Buy Art Not Kids

A mother wants to stop the world’s fastest-growing crime in its tracks, and she’s using art to succeed

Rachelle Kearns is an artist in more ways than one. Yes, there’s her profession: she’s worked in the industry for 10 years, crafting professionally for big names like Tiffany & Co.; but she’s also earned the title of “artist” through her cause. As the founder of Buy Art Not Kids (BANK), the annual art auction that raises awareness for and benefits victims of child trafficking, Kearns is creating art out of the public’s generosity and eagerness to bring down this crippling international injustice.

What originally sparked the concept of BANK for Kearns was watching her friend, a Bay Street success story, pack up and move to Cambodia to work for the cause full-time through Ratanak International, an organization supporting the struggling post-war community there. When Kearns heard of her friend’s anti-sex trafficking work through Ratanak’s Anti-Exploitation Programs, Kearns looked to her daughter, who was three years old at the time.

“I couldn’t even imagine that happening to her,” says Kearns. “I was like, ‘I have to do something.’”

That something came in the form of BANK: Kearns reached out to 30 of her artist friends — many of them also mothers — and asked them to become a part of something incredible: an art auction to help stop the child sex trafficking industry.

“It made sense for me, being an artist, to actually dive into that realm and use my gifts and talents to try and fight this injustice,” says Kearns.

Last year was the inaugural BANK auction, bringing in over $50,000 to benefit Ratanak International, a sum that motivated Kearns to make it an annual affair. The second auction takes place on Friday, Apr. 4 at Havergal College in Toronto, and promises live music, performance art, raffle prizes and scrumptious culinary indulgences in addition to the art auction. This year’s rendition has a high chance of beating last year’s whopping sum. It will be hosted by CBC News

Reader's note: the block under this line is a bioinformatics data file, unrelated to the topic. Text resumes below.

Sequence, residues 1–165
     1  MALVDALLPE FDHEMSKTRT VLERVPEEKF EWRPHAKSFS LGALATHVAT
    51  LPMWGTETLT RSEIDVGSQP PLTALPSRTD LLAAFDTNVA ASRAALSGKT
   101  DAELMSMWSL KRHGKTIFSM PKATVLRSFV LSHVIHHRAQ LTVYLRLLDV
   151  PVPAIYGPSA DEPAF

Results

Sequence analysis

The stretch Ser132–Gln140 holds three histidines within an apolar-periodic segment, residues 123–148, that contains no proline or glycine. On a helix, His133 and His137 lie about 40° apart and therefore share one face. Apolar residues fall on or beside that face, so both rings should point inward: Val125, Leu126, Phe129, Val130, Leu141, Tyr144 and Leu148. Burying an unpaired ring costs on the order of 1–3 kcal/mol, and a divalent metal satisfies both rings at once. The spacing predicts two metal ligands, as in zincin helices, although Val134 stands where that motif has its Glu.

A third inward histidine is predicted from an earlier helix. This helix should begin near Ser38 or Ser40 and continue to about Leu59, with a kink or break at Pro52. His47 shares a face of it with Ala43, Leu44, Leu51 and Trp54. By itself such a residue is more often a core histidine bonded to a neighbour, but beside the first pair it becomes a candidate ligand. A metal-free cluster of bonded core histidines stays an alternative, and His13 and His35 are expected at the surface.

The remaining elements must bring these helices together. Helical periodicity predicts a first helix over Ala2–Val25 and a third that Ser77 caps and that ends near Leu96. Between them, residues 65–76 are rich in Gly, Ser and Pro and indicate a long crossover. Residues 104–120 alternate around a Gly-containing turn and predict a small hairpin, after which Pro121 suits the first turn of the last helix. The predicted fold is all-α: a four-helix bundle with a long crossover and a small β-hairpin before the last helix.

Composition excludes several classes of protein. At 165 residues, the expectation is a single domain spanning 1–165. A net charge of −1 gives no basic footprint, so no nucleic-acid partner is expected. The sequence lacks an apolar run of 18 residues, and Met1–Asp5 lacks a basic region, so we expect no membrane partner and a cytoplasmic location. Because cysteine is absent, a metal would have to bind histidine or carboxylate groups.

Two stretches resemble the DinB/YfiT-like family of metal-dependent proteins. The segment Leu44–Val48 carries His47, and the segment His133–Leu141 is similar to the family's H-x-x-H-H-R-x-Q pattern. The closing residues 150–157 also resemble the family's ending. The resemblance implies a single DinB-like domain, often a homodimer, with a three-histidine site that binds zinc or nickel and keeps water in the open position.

Buy Art Not Kids

A mother wants to stop the world’s fastest-growing crime in its tracks, and she’s using art to succeed

Rachelle Kearns is an artist in more ways than one. Yes, there’s her profession: she’s worked in the industry for 10 years, crafting professionally for big names like Tiffany & Co.; but she’s also earned the title of “artist” through her cause. As the founder of Buy Art Not Kids (BANK), the annual art auction that raises awareness for and benefits victims of child trafficking, Kearns is creating art out of the public’s generosity and eagerness to bring down this crippling international injustice.

What originally sparked the concept of BANK for Kearns was watching her friend, a Bay Street success story, pack up and move to Cambodia to work for the cause full-time through Ratanak International, an organization supporting the struggling post-war community there. When Kearns heard of her friend’s anti-sex trafficking work through Ratanak’s Anti-Exploitation Programs, Kearns looked to her daughter, who was three years old at the time.

“I couldn’t even imagine that happening to her,” says Kearns. “I was like, ‘I have to do something.’”

That something came in the form of BANK: Kearns reached out to 30 of her artist friends — many of them also mothers — and asked them to become a part of something incredible: an art auction to help stop the child sex trafficking industry.

“It made sense for me, being an artist, to actually dive into that realm and use my gifts and talents to try and fight this injustice,” says Kearns.

Last year was the inaugural BANK auction, bringing in over $50,000 to benefit Ratanak International, a sum that motivated Kearns to make it an annual affair. The second auction takes place on Friday, Apr. 4 at Havergal College in Toronto, and promises live music, performance art, raffle prizes and scrumptious culinary indulgences in addition to the art auction. This year’s rendition has a high chance of beating last year’s whopping sum. It will be hosted by CBC News

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